8:15: A True Story of Survival and Forgiveness from Hiroshima
by Dr. Akiko Mikamo
Westwood Books Publishing LLC


"I was surrounded by the loudest thunder I had ever heard. It was the sound of the universe exploding."

Dr. Akiko Mikamo composed this vivid story to honor her courageous and forgiving father, Shinji Mikamo, now in his nineties and a survivor of one of the twentieth century’s most horrific acts of war, the US bombing of Hiroshima on August 6, 1945. She has styled it as a first-person narrative, enhancing her father’s minute-by-minute experience of the attack and day-by-day struggle to live beyond the tragedy.

Seconds after the atomic bomb exploded, Shinji, then nineteen, awoke under a pile of rubble. His 63-year-old father, a few feet away at the moment of the blast, managed to pick Shinji out of the wreckage, encouraging him to stand up and move despite the young man’s injuries, which consisted of a deep gash in his leg and burns over much of his body. The two went to a large river for relief from the intense heat. Hundreds of fellow citizens were there, some simply drowning as their injuries were too much to bear. For several days the pair wandered the ruined city, encountering both “demons”—Japanese soldiers still haughtily enforcing wartime regulations to the detriment of its citizens—and various “angels.” Strangers gave them a place to stay for a night and meager but welcome food to eat, and a friend suggested a means for Shinji to be transported to an army hospital outside the city. He would later insist that his father’s promptings gave him the motivation to endure. However, his own character shines through an incident at the hospital: when part of his ear had to be cut off, he asked that the dwindling supply of anesthesia be used for someone suffering worse than him.

Remarkably, Shinji recovered and slowly started a new life from the ruins of the old. He became widely known when he discovered his father’s pocket watch in the debris of his home, stopped at the moment of the bomb’s impact. He donated it to the Hiroshima Peace Memorial Museum. Shinji is notable for refusing to yield to bitterness just as he has refused to hate the Americans, expressing that even the pilot of the plane that dropped the atom bomb was faithfully carrying out his duty.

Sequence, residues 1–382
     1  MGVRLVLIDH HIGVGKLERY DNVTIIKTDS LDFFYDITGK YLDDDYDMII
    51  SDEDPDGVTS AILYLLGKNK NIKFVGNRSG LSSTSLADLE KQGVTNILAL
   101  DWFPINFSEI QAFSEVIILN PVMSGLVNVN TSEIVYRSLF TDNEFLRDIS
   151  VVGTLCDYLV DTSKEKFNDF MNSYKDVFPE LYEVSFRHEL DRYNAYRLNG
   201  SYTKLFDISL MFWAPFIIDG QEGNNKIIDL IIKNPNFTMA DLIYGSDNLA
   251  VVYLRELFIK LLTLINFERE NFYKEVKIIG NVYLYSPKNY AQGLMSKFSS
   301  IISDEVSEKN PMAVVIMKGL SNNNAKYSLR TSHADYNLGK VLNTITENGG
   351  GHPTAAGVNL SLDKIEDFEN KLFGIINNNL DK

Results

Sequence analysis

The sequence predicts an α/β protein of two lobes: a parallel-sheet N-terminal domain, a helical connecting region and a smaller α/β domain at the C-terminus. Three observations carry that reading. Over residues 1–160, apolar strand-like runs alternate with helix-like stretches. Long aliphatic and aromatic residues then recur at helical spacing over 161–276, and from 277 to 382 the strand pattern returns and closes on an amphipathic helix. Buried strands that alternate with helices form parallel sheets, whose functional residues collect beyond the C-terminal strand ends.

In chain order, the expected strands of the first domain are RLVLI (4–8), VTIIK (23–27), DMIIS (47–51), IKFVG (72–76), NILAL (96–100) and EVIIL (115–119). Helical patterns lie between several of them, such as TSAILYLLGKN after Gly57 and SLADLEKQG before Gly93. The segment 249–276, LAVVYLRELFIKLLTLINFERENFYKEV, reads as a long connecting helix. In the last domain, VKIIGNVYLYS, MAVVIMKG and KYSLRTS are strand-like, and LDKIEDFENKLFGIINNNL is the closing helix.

Dr. Mikamo, president/medical psychologist at US-Japan Psychological Services and president of San Diego-WISH (Worldwide Initiative to Safeguard Humanity), writes with the devotion of a daughter and the wisdom of her advanced psychological study. The overarching theme of her chronicle—a revivifying look at the bomb’s terror, pain, and chaos—is found in her father’s laudable qualities of forgiveness and his thankfulness for the small, spontaneous acts of kindness that the horrendous event prompted.

There have been few personal survivors’ accounts of that seminal event, and it is salutary that the author has chosen to offer her father’s story, and Hiroshima’s, to a new generation. She has accomplished this commendable task with a keen eye to the substantial body of fact while paying particular, well-deserved homage to a remarkable survivor. Her book will appeal to all sensitive students of history and to anyone who has faced and lived beyond cataclysm. Readers will find themselves immersed in the intensity of Shinji’s memories and will do well to ponder both the factual history and the spiritual messages that permeate this dramatic account.

RECOMMENDED by the US Review

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